Watch your thoughts; they become stories
Watch your stories; they become excuses
Watch your excuses; they become relapses
Watch your relapses; they become dis-eases
Watch your dis-eases they become vicious cycles
Watch your vicious cycles they become your wheel of life
quote by Vimalasara 2016
Going forth is an aspect of step 6, placing positive values at the centre of our lives. Siddhartha the prince went forth from a life of indulgence because he could see clearly how it was hindering his growth. He could not find the answer to the end of suffering if he stayed in a hedonist world that was at the centre of his Mandala. When he left the palace that … Read more »
Living With Awareness: Practical Techniques and Exercises for Cultivating Mindfulness is a 28 day meditation event, starting February 1, exploring the practice of mindfulness.
Mindfulness is the gentle effort to be continuously present with our experience. When we’re not mindful, we get carried away with our thoughts and emotions, which leads to stress, anxiety, depression, anger, and distractedness.
When the quality of mindfulness is present, we have a greater ability to choose our thoughts and emotions. It has been clinically proven to reduce stress, promote feelings of wellbeing, and improve mental and physical health.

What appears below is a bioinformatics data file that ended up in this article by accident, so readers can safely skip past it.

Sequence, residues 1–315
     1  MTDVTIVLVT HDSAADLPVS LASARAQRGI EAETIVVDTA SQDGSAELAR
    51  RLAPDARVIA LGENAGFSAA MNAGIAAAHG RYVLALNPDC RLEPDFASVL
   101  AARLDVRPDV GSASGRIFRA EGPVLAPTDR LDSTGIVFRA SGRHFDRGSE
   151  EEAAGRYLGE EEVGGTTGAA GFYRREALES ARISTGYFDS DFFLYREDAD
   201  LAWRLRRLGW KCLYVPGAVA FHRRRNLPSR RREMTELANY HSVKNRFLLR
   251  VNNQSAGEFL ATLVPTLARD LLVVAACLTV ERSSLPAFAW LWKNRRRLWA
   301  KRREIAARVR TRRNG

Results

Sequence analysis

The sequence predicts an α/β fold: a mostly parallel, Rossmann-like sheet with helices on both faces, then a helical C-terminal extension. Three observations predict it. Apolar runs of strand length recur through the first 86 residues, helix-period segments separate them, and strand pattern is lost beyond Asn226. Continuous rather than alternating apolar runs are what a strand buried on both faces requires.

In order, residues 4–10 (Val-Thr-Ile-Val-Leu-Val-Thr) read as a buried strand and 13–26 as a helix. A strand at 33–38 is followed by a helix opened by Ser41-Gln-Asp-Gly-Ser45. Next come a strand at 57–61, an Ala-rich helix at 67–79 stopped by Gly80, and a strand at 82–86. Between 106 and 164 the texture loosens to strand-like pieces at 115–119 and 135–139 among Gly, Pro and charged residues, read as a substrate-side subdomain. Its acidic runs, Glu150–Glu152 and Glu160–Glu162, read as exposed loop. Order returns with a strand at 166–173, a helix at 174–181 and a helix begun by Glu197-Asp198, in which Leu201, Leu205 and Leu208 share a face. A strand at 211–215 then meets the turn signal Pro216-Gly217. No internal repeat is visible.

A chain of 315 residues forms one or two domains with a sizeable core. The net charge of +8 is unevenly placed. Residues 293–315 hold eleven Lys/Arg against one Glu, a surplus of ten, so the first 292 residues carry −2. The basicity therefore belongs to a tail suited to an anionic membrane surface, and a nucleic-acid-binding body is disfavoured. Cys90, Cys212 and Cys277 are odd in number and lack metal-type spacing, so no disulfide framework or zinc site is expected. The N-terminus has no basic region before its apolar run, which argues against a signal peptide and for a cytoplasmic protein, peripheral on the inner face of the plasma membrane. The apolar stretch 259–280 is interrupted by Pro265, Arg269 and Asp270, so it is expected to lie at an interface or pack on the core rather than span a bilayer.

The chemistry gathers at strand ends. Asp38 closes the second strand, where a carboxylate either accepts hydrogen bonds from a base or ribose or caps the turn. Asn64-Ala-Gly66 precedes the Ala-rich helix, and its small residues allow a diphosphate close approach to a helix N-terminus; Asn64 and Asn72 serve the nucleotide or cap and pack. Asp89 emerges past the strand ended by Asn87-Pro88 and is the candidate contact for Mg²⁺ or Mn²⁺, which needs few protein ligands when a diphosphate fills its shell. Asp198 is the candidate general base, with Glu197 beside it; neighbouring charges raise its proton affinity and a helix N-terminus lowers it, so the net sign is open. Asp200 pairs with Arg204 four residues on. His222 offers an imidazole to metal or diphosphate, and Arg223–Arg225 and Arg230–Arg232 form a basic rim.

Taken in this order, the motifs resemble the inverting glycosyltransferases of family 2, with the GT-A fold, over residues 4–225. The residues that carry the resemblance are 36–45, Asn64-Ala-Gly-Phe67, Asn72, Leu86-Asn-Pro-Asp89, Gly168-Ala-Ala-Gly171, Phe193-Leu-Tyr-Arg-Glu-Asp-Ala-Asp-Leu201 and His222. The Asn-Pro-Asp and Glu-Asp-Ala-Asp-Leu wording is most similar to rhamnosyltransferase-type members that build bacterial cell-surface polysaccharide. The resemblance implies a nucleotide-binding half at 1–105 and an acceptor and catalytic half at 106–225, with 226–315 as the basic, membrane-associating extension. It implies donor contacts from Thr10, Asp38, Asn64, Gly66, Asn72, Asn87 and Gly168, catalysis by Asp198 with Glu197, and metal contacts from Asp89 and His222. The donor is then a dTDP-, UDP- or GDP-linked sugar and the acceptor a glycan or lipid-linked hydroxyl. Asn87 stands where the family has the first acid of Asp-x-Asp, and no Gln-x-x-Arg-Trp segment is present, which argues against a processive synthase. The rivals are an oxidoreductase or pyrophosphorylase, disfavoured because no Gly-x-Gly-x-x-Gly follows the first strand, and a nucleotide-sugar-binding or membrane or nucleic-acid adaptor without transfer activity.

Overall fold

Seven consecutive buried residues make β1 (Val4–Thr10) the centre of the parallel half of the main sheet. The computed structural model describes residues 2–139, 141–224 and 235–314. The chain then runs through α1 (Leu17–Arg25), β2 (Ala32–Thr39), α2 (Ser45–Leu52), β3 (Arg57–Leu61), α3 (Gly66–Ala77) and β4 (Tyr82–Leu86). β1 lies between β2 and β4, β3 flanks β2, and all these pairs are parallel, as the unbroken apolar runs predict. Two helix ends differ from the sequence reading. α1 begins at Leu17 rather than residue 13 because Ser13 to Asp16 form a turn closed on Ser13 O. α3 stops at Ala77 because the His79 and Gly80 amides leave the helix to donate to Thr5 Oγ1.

Register today for Living with Awareness!
Our mindfulness meditation … Read more »
By way of background, despite having been a meditation teacher for years, I used to have difficulty maintaining a daily meditation practice. I’d meditate daily for weeks or months, but then miss days here and there. For the last few years, though, I’ve been more of a rock-solid daily meditator.
Still, although I’ve meditated virtually every day for the last three years, my practice can still be a bit thin at times. This is because I’d gotten into the habit of meditating in the evening. Why? In one word, kids. Having two young kids does not make it easy to meditate in the mornings. My personal time shifted to the evenings, when I could … Read more »
Scientists believe that your brain has a built-in “negativity bias.” In other words, as we evolved over millions of years, dodging sticks and chasing carrots, it was a lot more important to notice, react to, and remember sticks than it was for carrots.
That’s because – in the tough environments in which our ancestors lived – if they missed out on a carrot, they usually had a shot at another one later on. But if they failed to avoid a stick – a predator, a natural hazard, or aggression from others of their species – WHAM, no more chances to pass on their genes.
The negativity bias shows up in lots of ways. For example, … Read more »
Recently I wrote a piece saying that I’m making a effort to remember to be happy. When I say that I need to remember to be happy, what I mean is that I need to pause, be mindful, and notice if there’s anything I’m doing that is inhibiting my well-being. Often I do this through asking the question, “Could I be happier right now?”
Often when I ask this question I find, in fact, that I’m being a bit willful and overly intense in the way I’m working. I get very focused on the thing I’m doing (writing an article, for example) and lose touch with how I’m feeling while I’m doing that task. … Read more »